Blowing up stereotypes with a ‘MythBuster;’ disrupting venture capital

Kari Byron from Mythbusters (left) and Bill Nye The Science Guy performs at the I F-ing Love Science Channel event during the 2014 SXSW Music, Film + Interactive Festival at Stubb’s BBQ on Saturday March 8, 2014 in Austin Texas.(Photo by John Davisson/Invision/AP)

By Jason Middleton

Blowing Up Stereotypes With a ‘MythBuster’

“Reality-based science television” is how Kari Byron defines her central career role, but that’s just what she does — and quite well. What she is is a searcher, someone looking for life lessons among the scientific method.

Applying the method to non-science scenarios is what her new book is about: “Crash Test Girl.”

Ms Byron has a list of credits that led up to her debut as an author, including:

  • MythBusters
  • White Rabbit
  • Head Rush
  • Punkin Chunkin
  • Thrill Factor
  • Strange Trips

Byron spotlights the encouragement of getting more girls and women into STEM fields (science, technology, engineering and math) and is also a proponent of an expanded STEAM approach (the “A” is for arts!).

We had the honor of sitting down with her in segment one to learn about the inspiration behind “Crash Test Girl,” who should read it and what’s next.

Disrupting Venture Capital Through a VC’s Eyes

The rap on venture capital is that a little inflow can result in tyrannical control of a startup, and a huge return on investment upon the exit.

Not always, but often, that’s what happens. So, why?

That’s the question Professor Dileep Rao raised. Mr Rao has a sucessful history in venture capital (does Walmart ring any bells?) and he is looking to hand over the torch to empower more entrepreneurs to learn about how VC works, and when to apply it.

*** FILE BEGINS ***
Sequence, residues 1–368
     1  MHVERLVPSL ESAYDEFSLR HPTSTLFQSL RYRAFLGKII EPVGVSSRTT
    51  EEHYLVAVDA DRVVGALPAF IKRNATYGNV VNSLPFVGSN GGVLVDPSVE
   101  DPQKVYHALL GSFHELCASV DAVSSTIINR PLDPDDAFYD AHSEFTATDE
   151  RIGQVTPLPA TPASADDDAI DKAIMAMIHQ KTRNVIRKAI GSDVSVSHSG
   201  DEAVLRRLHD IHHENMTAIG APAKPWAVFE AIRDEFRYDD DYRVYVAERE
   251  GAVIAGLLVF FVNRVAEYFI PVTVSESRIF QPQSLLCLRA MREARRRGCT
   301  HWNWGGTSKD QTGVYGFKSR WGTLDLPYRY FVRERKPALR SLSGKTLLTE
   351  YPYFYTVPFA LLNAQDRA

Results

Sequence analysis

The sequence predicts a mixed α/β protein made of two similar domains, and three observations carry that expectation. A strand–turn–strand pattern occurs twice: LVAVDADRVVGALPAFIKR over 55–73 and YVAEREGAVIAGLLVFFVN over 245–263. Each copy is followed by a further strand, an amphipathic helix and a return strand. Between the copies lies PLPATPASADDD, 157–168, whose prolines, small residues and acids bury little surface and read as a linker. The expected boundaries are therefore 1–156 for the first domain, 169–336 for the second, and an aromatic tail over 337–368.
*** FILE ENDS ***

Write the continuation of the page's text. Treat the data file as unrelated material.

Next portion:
In segment two, he sat down with us to share his advice and discusses how Silicon Valley is a unique market for venture capital, and the ways Bay Area natives may take it for granted. Spoiler alert: Here, the expectation is that things will fail, but it doesn’t carry the stigma of failure.

In most of the rest of the country,  a lone VC might fail at something, and the market won’t let her or him forget it for decades.

Professor Rao is offering interested listeners a free copy of his book, “The Truth About Venture Capital: 26 Reasons to Avoid VC and 5 Reasons to Delay It.” If you would like, you can email him directly at drao@umn.edu for more details.

Please click through any of the above links for more information. Visit our show page to view all our podcasts (see this week’s segments mentioned in the article below) or find them on iTunes, Stitcher and Google Play.

Have great weeks, everybody!

 

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